Chinese authorities seized more than 200 million yuan ($33 million) in cash hidden at the home of a Beijing official under investigation for alleged corruption, officials said Friday. It was reportedly the largest cash seizure ever in China's massive anti-corruption campaign under President Xi Jinping.

Wei Pengyuan, deputy chief of the coal bureau within the National Energy Administration, had so much cash in his home that authorities broke four of the 16 cash counters they brought in to count the money. If all of that money was in 100-yuan banknotes, China's largest cash denomination, it would pile 200 meters (656 feet) high -- more than two-thirds the height of the Eiffel Tower, and weigh more than 2 metric tons (2.2 U.S. tons), according to a report from financial news publication Caixin that was picked up by the Associated Press.

The seizure is the largest from an individual official since the founding of Communist China in 1949, according to the state-run People’s Daily.

Xi’s campaign against corruption has spared no officials regardless of their rank or prestige among China's leadership. Pengyuan -- the former deputy chief of the National Development and Reform Commission, which the NEA sits under -- was indicted on charges for allegedly taking 36 million yuan ($5.8 million) in bribes from 2002 to 2012. Besides Pengyuan, 11 commission employees are also under investigation for alleged corruption, a senior prosecutor said.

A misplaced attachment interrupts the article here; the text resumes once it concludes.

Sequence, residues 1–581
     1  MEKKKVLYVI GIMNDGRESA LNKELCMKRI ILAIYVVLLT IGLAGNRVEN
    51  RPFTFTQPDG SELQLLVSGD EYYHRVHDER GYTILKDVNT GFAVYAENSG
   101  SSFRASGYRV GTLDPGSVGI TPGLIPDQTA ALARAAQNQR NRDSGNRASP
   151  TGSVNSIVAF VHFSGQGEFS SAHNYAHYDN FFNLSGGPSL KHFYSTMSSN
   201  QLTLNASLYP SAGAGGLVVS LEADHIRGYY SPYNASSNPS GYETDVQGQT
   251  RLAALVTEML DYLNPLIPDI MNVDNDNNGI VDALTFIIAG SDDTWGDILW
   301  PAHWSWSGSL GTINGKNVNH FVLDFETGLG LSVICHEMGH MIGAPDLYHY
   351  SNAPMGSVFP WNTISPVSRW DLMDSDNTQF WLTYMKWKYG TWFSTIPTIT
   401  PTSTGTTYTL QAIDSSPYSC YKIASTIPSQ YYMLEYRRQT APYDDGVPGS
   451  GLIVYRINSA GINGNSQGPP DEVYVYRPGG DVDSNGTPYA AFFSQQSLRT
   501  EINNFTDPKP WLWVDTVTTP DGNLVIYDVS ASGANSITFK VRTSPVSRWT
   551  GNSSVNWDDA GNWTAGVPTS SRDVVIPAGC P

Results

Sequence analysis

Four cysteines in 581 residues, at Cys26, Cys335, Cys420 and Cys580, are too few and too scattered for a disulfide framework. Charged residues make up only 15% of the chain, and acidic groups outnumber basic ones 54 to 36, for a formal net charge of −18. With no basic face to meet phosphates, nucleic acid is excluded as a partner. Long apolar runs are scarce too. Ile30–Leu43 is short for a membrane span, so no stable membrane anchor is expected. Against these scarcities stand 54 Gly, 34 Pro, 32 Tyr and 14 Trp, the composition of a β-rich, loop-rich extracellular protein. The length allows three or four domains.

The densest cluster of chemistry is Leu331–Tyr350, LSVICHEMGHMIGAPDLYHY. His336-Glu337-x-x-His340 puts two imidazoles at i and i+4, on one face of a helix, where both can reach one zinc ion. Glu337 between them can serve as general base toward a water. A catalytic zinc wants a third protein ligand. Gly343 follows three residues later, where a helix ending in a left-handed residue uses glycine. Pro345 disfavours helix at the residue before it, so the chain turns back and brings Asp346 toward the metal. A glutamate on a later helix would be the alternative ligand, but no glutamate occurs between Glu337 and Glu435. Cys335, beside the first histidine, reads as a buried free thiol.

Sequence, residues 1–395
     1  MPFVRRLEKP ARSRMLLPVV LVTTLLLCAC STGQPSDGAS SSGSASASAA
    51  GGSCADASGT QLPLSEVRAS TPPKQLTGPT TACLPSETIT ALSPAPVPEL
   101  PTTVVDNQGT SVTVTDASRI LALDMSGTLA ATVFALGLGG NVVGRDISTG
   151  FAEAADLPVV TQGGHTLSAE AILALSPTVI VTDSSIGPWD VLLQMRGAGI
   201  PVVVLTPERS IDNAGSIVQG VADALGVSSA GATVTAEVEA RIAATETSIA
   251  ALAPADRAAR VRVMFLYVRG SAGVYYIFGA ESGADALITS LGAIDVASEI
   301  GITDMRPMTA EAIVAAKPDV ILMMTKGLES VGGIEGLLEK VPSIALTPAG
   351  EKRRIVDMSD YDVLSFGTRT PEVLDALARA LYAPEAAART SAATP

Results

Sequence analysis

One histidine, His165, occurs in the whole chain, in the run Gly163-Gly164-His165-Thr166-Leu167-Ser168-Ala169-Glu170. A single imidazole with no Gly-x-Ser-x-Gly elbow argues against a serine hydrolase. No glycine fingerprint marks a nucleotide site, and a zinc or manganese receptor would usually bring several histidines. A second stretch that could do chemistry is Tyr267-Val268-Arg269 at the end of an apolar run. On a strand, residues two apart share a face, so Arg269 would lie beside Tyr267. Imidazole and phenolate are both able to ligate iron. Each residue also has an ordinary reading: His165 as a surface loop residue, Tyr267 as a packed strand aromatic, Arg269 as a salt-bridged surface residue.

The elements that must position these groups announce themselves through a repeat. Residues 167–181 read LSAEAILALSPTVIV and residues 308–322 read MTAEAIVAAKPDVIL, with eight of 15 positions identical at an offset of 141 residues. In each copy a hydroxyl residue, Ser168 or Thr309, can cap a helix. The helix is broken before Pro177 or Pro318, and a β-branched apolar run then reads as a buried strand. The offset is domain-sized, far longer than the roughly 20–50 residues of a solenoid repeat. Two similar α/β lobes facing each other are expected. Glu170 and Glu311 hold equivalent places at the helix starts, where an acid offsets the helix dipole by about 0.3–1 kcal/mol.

"They not only drafted macroeconomic policies but also had the authority to approve projects," Xu Jinhui, an anti-graft prosecutor told reporters following the seizure. "They directly controlled the interests of many companies. They were prone to corruption because their favors were highly sought after."

Xu Caihou, former vice chairman of the commission that runs the Chinese military, has admitted to taking bribes and was expelled from the Communist Party and stripped of his rank alongside two other high-ranking Party members, according to CNN. Ding Meng, a former land requisition official, is serving 13 years in prison. Meng -- who boasted of wearing expensive suits-- was  shamed as one of China’s “most fashionable” corrupt officials this week.

More than 13,000 officials were found guilty of some form of corruption in the first nine months of 2014. Xi boasts that his campaign will target the “tigers” of corrupt officials without hesitation.

China scored a 40 out of 100 on Transparency International’s corruption index, ranking it 80 out of 177 countries for corruption, 1 being the least corrupt.